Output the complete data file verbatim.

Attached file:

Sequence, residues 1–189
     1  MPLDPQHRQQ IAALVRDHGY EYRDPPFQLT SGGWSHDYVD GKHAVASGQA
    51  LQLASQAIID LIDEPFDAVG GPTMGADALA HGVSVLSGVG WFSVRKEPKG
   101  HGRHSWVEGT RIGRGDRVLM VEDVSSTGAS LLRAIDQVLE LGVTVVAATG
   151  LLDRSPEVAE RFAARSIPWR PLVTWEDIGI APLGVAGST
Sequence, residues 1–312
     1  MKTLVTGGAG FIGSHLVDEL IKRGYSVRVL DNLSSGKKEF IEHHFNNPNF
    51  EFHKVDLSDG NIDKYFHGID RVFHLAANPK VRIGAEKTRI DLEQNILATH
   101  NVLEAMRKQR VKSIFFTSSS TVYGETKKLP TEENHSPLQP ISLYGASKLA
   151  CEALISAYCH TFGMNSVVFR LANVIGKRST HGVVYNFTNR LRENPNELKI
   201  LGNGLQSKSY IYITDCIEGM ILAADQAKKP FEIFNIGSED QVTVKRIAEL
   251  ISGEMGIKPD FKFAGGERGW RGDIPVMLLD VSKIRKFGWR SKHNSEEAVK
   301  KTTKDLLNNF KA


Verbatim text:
Sequence, residues 1–189
     1  MPLDPQHRQQ IAALVRDHGY EYRDPPFQLT SGGWSHDYVD GKHAVASGQA
    51  LQLASQAIID LIDEPFDAVG GPTMGADALA HGVSVLSGVG WFSVRKEPKG
   101  HGRHSWVEGT RIGRGDRVLM VEDVSSTGAS LLRAIDQVLE LGVTVVAATG
   151  LLDRSPEVAE RFAARSIPWR PLVTWEDIGI APLGVAGST
Sequence, residues 1–312
     1  MKTLVTGGAG FIGSHLVDEL IKRGYSVRVL DNLSSGKKEF IEHHFNNPNF
    51  EFHKVDLSDG NIDKYFHGID RVFHLAANPK VRIGAEKTRI DLEQNILATH
   101  NVLEAMRKQR VKSIFFTSSS TVYGETKKLP TEENHSPLQP ISLYGASKLA
   151  CEALISAYCH TFGMNSVVFR LANVIGKRST HGVVYNFTNR LRENPNELKI
   201  LGNGLQSKSY IYITDCIEGM ILAADQAKKP FEIFNIGSED QVTVKRIAEL
   251  ISGEMGIKPD FKFAGGERGW RGDIPVMLLD VSKIRKFGWR SKHNSEEAVK
   301  KTTKDLLNNF KA